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Indian Journal of Microbiology Research

Bacterial diversity and antimicrobial resistance in Surgical site infections: A challenge to be tackled at the earliest!

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Author Details: Misbah Najam, Prakash. N, Halesh L.H, Siddesh K.C

Volume : 2

Issue : 4

Online ISSN : 2394-5478

Print ISSN : 2394-546X

Article First Page : 206

Article End Page : 209


Background and Objectives: SSI's are ranked among the most common health care associated infections.They cause significant morbidity, increased cost of care and prolonged hospital stay. A spectrum of microorganisms with varied antimicrobial susceptibility patterns have been identified as causative agents of SSI's, which vary with time, hospital location and with the type of surgical procedure performed. We conducted this study with an objective to assess the burden of SSI, its causative aerobic bacteria and their in vitro antibiotic susceptibility patterns.

Materials and Methods: All samples from post operative surgical site were processed and identified by gram staining, colonial morphology and standard biochemical tests. Antibiotic susceptibility testing was performed as per CLSI guidelines.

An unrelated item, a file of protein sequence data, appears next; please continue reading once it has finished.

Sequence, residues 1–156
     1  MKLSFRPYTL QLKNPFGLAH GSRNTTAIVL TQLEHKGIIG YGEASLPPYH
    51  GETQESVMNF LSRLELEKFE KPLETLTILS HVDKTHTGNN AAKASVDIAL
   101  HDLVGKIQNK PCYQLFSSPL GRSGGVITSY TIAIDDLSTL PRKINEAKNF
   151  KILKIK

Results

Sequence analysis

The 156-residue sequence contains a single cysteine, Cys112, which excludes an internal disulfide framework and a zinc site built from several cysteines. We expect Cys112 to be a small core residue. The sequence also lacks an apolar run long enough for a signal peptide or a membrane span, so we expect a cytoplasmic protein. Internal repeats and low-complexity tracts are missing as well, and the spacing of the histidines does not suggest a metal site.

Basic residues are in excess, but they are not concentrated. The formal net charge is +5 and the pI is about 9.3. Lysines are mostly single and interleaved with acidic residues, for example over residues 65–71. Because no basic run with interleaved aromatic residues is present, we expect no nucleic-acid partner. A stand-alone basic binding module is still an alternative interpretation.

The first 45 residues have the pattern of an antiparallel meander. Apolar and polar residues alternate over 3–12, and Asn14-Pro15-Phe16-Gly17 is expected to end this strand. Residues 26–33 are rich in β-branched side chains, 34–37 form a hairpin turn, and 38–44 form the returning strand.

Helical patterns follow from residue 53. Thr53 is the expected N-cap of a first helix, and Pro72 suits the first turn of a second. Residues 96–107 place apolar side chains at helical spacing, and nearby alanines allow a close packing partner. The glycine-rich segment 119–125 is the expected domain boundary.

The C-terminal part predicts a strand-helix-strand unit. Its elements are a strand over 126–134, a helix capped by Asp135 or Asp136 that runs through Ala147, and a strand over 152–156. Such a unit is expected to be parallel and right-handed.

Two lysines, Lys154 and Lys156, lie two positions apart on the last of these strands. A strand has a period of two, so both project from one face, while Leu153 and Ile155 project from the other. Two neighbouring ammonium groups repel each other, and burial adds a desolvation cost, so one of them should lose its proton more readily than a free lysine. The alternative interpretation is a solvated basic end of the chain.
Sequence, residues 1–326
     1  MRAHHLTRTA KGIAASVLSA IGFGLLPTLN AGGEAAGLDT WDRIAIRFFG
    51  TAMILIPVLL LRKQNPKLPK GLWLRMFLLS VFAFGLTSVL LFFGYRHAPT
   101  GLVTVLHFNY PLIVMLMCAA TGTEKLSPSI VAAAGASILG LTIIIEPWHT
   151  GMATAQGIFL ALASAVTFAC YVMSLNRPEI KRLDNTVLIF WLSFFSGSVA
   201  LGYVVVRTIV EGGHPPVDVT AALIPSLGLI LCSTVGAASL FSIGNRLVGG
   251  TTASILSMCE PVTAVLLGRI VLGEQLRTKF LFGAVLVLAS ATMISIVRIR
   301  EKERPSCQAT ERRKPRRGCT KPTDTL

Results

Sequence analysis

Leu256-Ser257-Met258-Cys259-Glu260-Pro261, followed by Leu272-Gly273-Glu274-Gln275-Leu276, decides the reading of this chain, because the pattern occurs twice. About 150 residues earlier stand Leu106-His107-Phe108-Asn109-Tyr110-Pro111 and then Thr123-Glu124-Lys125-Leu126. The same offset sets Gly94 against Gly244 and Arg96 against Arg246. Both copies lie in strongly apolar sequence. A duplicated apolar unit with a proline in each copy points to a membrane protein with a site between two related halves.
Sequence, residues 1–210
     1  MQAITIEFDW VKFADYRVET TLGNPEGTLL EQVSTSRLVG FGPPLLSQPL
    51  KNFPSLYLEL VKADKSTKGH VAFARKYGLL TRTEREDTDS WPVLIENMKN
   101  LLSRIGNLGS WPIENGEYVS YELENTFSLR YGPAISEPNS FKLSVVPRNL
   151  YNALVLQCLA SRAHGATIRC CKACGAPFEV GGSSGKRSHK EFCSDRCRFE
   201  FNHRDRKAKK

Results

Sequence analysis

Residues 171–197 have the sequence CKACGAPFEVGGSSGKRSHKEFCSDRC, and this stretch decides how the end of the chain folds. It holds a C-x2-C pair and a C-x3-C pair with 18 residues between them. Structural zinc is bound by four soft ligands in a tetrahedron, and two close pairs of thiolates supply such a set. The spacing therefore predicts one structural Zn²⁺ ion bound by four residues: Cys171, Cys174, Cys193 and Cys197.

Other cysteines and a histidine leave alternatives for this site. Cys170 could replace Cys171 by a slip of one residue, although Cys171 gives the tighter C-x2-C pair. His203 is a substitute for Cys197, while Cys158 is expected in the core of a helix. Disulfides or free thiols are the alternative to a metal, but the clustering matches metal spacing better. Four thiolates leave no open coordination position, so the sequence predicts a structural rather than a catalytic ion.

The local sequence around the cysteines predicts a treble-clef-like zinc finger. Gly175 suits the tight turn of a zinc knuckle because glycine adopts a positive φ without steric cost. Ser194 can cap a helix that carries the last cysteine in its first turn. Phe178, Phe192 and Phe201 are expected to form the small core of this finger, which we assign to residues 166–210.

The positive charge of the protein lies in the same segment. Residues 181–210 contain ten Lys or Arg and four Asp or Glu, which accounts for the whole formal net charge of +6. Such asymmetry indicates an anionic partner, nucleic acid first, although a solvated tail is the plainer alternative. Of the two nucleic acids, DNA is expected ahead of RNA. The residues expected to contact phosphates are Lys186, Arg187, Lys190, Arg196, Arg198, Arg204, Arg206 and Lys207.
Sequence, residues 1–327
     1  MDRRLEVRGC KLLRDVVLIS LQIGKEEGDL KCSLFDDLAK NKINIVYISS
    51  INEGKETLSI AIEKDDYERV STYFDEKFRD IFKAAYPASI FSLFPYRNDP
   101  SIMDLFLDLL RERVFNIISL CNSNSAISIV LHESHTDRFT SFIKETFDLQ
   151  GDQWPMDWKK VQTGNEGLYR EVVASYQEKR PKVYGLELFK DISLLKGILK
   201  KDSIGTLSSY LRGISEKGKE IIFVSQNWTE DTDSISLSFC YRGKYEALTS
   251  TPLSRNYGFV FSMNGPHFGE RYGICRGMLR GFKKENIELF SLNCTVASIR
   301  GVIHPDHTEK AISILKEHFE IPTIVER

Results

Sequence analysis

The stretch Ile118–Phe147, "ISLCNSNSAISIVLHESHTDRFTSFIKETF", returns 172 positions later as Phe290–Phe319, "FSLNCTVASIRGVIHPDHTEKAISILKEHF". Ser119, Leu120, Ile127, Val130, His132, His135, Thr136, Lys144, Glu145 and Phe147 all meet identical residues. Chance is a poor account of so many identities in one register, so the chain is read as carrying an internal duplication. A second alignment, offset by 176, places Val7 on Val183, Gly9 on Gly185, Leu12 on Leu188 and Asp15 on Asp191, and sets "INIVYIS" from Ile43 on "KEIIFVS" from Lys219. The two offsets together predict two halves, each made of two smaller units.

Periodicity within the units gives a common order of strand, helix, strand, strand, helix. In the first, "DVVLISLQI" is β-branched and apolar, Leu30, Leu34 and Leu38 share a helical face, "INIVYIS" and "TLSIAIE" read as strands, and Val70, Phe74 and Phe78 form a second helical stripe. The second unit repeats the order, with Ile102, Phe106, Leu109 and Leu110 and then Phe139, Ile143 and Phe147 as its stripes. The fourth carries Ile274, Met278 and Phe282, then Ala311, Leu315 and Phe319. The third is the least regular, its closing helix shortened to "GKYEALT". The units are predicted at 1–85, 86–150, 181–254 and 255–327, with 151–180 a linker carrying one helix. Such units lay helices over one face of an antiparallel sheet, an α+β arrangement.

Results: A total of 110 samples were processed out of which 40 (36.36%) were positive for SSI's. Male to female ratio was 1.53:1. Most common age group was 20-40 years(41.86%). E.coli(44.19%) was the predominant organism isolated, followed by S.aureus(13.95%). Most of the gram negative isolates were found to be sensitive to Polymyxin B (86.66%), Imipenem (80%), and Amikacin (73.33%). Gram positive isolates showed 100% sensitivity to Vancomycin and Linezolid.
Conclusion: Our study highlights an increasing incidence of SSI's, which is an alarming situation to clinical microbiologists and surgeons of our country. Hence good empirical pre operative antibiotic therapy, with post operative prophylaxis will help in the long run to decrease the incidence of SSI and improve the cost of living.


Keywords: SSI, E.coli, Polymyxin B, Imipenem, S.aureus, Vancomycin, Linezolid